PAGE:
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dc.contributor.authorWitt, John
dc.date.accessioned2022-04-29T21:08:47Z
dc.date.available2022-04-29T21:08:47Z
dc.date.issued2020
dc.identifier.citationThe Historical Logics of Work Accident Law: Nate Holdren, Injury Impoverished: Workplace Accidents, Capitalism, and the Law in the Progressive Era, 60 American Journal of Legal History 564 (Dec2020).en_US
dc.identifier.urihttp://hdl.handle.net/20.500.13051/18164
dc.description.abstractIf reading books like Nate Holdren’s new Injury Impoverished is what happens to mid-career scholars, then I’m all for aging. Holdren has written a brilliant, impassioned, and intellectually stimulating book on the legal history of industrial accidents. He has a live mind, which is animated by his ambitious analytic project to make sense of the law governing the risk of bodily injury for those in the labor market around the turn of the twentieth century. According to Holdren, work accidents were (and are) at their core a form of labor exploitation that reveals the injustices of capitalist labor markets. He describes the law of work accidents as a machinery of injustice that bolstered the legitimacy of a violent and inhuman capitalist system. He fiercely critiques the workers’ compensation reforms enacted by progressive reformers a century ago as legitimating the mass violence of labor exploitation. He insists on recognizing and attending to the dignity of each accident victim, both in the content of his argument and as a matter of literary form. Injury Impoverished is a welcome if unsettling rebuke to complacent accounts of the field, perhaps my own among them.1 But Holdren’s analysis also raises many questions. Holdren identifies new forms of power in the law of work accidents – but he attributes little value to the dramatically safer workplaces of the middle of the twentieth century. His cautious admiration for the litigation system of the years before workers’ compensation rests on a fantastical conception of the way tort law actually worked. He calls for impossibly demanding forms of justice from the law, including forms of personal recognition that are beyond the capacity of human systems to achieve. He misses the ways in which workers coopted new forms of accident law and turned them to their own interests. And his single-minded Marxian focus on commodification and the point of production leads him to discount the surrounding political and legal institutions that shaped the social meaning of work accidents. None of this is to gainsay the significance of Holdren’s contributions, which are many and which demand attention in the literature. The analytic ambition and the successes of the book make it a work warranting serious engagement. In what follows I describe the scholarly context for Holdren’s intervention and set out the structure of his book’s important arguments. I then elaborate what I see as the limits of those arguments. I end with a note on the personal dimensions of the book for its author and on where the literature should go from here. Holdren is a work accident victim himself. The engine of his own experience propels the book forward. Its energy may press the field forward, too.en_US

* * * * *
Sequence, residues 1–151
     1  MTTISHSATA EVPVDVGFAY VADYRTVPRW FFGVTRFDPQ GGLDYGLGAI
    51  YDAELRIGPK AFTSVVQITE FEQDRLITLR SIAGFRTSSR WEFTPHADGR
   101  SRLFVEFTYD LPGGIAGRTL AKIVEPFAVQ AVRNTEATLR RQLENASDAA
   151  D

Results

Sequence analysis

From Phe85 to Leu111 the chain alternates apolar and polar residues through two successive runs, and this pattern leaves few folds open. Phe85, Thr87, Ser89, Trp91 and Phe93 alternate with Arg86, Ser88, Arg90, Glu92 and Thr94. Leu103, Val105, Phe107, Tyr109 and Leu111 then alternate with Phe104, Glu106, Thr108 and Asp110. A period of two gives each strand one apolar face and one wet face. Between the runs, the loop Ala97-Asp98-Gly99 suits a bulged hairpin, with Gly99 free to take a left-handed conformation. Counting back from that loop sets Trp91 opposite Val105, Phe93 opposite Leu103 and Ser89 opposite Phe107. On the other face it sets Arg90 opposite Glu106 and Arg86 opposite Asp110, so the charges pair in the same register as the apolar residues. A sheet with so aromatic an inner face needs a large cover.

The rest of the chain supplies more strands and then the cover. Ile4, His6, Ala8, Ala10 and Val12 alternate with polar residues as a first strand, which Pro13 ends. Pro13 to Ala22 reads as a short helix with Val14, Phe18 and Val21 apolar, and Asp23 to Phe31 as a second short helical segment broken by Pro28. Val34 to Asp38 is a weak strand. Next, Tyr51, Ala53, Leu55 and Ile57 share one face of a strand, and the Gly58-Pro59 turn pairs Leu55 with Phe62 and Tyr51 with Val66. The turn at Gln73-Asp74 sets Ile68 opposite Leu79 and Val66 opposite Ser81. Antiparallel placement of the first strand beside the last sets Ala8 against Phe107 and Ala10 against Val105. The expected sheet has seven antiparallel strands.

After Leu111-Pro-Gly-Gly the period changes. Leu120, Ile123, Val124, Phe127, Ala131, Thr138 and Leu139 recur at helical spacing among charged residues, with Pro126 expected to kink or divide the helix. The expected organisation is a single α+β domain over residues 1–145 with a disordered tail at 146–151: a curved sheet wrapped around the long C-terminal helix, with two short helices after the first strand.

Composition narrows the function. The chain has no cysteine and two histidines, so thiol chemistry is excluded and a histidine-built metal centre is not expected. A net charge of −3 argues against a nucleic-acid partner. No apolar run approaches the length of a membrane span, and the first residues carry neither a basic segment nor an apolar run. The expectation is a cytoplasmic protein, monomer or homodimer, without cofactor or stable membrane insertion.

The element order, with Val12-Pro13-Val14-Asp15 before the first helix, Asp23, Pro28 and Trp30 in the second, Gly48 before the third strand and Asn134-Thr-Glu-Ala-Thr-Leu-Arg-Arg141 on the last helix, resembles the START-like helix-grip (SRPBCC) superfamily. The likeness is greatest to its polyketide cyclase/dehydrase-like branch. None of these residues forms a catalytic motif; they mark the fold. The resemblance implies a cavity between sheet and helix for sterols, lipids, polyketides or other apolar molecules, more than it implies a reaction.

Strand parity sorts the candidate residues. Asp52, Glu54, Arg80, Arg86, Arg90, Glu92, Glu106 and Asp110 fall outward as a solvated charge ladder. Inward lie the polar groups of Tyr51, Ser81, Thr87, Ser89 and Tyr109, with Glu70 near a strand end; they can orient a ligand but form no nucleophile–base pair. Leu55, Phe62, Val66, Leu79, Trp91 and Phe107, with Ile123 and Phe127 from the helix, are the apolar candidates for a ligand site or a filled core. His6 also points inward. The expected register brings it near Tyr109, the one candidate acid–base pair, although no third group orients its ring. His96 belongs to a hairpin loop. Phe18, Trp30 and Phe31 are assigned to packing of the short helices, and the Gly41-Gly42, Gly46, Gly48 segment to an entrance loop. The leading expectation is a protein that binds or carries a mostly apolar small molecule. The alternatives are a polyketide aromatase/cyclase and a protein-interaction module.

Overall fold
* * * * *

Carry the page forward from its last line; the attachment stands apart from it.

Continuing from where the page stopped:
dc.publisherAmerican Journal of Legal Historyen_US
dc.subjectLawen_US
dc.titleThe Historical Logics of Work Accident Law: Nate Holdren, Injury Impoverished: Workplace Accidents, Capitalism, and the Law in the Progressive Era.en_US
rioxxterms.versionNAen_US
rioxxterms.typeJournal Article/Reviewen_US
refterms.dateFOA2022-04-29T21:08:48Z


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